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From Enterprise to Endeavor May 8, 2012

Posted by regan222 in Computer and Technology, Computers and Internet, Educational Ranting, General Ranting, News and politics, Science and Technology.
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Make sure you check this out, the pictures alone are pretty cool.

Nasa Space Shuttle Program :

Nasa Space Shuttle Program From Enterprise to Endeavor By Regan White Senior Astronomy Whitesboro, TX

Overview :

Overview Nasa’s Space Shuttle Fleet, officially known as the STS or Space Transportation System, is the latest in the United States Fleet of space craft. The STS vehicle is launched vertically, aided by two solid rocket booster engines (SRB) and is recovered as a glider, landing on a runway like any other high speed aircraft. The shuttles are designed to carry up to 7 crewmen comfortably but have carried as many as 8 based upon the needs of the mission. A shuttle can carry up to 50,000 pounds of cargo into low Earth orbit.

The Enterprise: Boldly Go Where No Man has Gone Before :

The Enterprise: Boldly Go Where No Man has Gone Before

The Enterprise: First in Flight :

The Enterprise: First in Flight The Space Shuttle Enterprise (OV-101) was the first Space Shuttle Orbiter. Construction was begun in 1974 and was complete in 1977. Several key components (re-entry engines and heat shields for example) were not included in the craft and so it was incapable of space flight. It was, however, extremely useful in landing tests being launched from a Boeing 747 at high altitude. It was originally to be named the Constitution but a write in election unanimously pushed through the name USS Enterprise (NCC-1701) of Star Trek fame. When the Enterprise was unveiled several characters from the original TV show were on hand.

Columbia: OV-102 :

Columbia: OV-102

Columbia :

Columbia The Space Shuttle Columbia (Ov-102) was the first mission capable space shuttle in NASA’s fleet. From its maiden flight on April 12, 1981 until its tragic destruction during re-entry on Feb. 1, 2003, the Columbia completed 28 missions. It deployed 8 satellites including one Hubble repair mission.

Challenger: Tragedy from the Start :

Challenger: Tragedy from the Start

Challenger :

Challenger Space Shuttle Challenger (OV-099) was destined for tragedy from the start. It first reached orbit in April of 1983. Challenger performed 10 missions, including carrying Sally Ride, the first American woman, into space, as well as hosting the first untethered space walk. On Jan. 28, 1986, just 73 seconds into the flight of STS-51, the rubber O-rings used to seal the solid rocket boosters failed due to low temperatures. The craft exploded just above the launch pad with a loss of all 7 crew members.

Discovery: A New Beginning :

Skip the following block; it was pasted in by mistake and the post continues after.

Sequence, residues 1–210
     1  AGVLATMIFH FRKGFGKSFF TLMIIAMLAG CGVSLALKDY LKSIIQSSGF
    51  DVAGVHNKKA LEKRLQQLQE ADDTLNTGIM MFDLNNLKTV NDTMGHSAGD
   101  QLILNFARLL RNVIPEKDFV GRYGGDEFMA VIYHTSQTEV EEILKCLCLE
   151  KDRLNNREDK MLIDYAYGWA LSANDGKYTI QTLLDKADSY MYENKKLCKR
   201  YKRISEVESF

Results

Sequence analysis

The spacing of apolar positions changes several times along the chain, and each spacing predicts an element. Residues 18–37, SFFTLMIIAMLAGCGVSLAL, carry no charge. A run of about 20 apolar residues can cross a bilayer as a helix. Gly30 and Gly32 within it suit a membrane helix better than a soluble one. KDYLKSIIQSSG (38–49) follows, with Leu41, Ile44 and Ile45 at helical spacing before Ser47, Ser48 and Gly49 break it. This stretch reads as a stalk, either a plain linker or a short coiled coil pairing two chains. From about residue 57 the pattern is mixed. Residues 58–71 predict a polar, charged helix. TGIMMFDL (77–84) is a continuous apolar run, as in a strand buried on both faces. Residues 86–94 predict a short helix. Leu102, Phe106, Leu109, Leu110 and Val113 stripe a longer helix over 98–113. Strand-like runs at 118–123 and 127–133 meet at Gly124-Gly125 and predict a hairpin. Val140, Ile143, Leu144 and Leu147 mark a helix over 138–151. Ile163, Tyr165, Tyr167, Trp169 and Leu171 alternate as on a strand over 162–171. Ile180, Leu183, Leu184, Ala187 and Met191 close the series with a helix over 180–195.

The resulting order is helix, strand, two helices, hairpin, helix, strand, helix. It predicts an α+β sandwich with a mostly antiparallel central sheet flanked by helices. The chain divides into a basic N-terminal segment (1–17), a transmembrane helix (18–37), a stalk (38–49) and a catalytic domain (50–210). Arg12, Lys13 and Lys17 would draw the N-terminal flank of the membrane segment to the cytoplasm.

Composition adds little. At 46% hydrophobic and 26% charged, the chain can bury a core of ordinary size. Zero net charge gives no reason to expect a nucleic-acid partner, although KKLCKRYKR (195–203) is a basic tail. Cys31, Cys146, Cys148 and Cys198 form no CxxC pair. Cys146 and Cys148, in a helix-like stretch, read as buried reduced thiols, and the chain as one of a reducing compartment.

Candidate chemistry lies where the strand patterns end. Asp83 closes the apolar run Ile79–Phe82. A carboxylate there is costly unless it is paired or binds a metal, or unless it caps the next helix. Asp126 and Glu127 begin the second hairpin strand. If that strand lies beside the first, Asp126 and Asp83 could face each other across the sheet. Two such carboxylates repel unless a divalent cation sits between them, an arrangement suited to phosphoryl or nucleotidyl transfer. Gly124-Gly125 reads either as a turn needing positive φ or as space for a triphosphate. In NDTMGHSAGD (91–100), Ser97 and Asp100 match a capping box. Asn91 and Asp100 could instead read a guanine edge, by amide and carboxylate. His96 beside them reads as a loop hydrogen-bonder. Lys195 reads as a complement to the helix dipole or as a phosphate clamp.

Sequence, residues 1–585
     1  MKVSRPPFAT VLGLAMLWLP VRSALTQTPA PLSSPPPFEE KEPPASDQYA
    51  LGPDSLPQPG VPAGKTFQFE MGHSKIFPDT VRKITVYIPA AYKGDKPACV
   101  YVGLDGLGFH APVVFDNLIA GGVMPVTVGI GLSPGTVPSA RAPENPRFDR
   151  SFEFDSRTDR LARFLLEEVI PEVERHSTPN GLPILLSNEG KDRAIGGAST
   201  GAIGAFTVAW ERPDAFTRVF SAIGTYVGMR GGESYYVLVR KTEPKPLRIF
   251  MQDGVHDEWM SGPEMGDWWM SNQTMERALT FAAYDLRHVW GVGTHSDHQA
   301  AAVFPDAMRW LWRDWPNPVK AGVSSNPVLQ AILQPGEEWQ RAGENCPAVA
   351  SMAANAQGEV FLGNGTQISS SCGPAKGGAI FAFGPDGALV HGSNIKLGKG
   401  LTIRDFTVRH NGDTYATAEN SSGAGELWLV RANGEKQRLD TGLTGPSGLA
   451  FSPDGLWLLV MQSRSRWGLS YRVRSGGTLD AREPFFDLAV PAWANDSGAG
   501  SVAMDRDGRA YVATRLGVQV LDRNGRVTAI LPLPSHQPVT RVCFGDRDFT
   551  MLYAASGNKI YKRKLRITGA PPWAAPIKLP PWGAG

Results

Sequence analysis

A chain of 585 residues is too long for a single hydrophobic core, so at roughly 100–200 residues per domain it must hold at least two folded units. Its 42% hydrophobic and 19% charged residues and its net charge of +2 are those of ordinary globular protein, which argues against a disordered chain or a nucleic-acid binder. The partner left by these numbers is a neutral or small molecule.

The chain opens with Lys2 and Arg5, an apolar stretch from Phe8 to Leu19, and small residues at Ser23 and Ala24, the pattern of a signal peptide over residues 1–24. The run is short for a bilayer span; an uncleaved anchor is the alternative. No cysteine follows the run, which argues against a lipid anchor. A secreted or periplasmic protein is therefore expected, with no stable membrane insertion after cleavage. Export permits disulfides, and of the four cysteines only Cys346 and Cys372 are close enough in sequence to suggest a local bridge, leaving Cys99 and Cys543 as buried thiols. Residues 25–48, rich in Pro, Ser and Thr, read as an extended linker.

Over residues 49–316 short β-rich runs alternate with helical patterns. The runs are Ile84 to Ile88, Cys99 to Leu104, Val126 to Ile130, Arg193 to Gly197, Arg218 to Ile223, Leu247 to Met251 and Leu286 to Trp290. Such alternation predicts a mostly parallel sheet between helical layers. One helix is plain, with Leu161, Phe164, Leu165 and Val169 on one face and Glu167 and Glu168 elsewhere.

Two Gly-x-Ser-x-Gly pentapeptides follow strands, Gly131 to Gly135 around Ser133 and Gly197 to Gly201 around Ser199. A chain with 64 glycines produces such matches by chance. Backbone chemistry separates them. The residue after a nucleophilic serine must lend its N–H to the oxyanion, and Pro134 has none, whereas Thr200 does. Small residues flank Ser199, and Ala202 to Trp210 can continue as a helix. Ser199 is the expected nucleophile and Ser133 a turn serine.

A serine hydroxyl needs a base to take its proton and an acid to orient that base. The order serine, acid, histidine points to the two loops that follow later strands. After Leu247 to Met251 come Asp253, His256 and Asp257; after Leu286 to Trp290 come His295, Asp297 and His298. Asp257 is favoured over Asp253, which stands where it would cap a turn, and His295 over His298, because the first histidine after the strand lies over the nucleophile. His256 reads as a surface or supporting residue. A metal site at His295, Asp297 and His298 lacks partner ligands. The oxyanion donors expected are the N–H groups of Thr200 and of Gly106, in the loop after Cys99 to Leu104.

Discovery: A New Beginning

Discovery :

Discovery Space Shuttle Discovery (OV-103) is currently the oldest orbiter in the fleet. Shuttle Discovery’s main claim to fame was the launching of the Hubble Space Telescope. Its first flight was August 30, 1984. Discovery completed 38 missions. It docked once with Mir and eleven times with the International Space Station. Discovery landed for the last time April 20, 2010. It was scheduled for launch with mission STS-62A but this mission was canceled.

Atlantis :


Atlantis :

Atlantis Shuttle Atlantis (OV-104) was first launched on Oct. 3, 1985. Among other missions, it completed 7 trips to Mir and 11 dockings with the ISS. Atlantis flew 32 missions and deployed 14 satellites. Atlantis landed for the final time May 26, 2010.

Endeavor: The Last of its Kind :

Endeavor: The Last of its Kind

Endeavor :

Endeavor Shuttle Endeavor (OV-105) was the final addition to the shuttle fleet. Its first mission was May 1992. Endeavor was built to replace the lost Challenger. This choice was made instead of the original plan to refit Enterprise with engines and heat tiles. Endeavor flew 24 missions including deploying 3 satellites, 1 Mir docking, and 11 trips to the ISS. It is slated to fly the final shuttle mission in April of 2011 to deliver cargo to the ISS.

The Future :

The Future The final mission for any shuttle will be a cargo run to the International Space Station in April of 2011. After this, the vehicles will be decommissioned and mothballed. It is probable that the vehicles will be sent to various aerospace museums around the country to be put on display. The shuttle Enterprise is currently on display at the newly built Smithsonian’s National Air and Space Museum’s Steven F. Udvar-Hazy Center at Dulles International Airport, where it is the centerpiece of the space collection.



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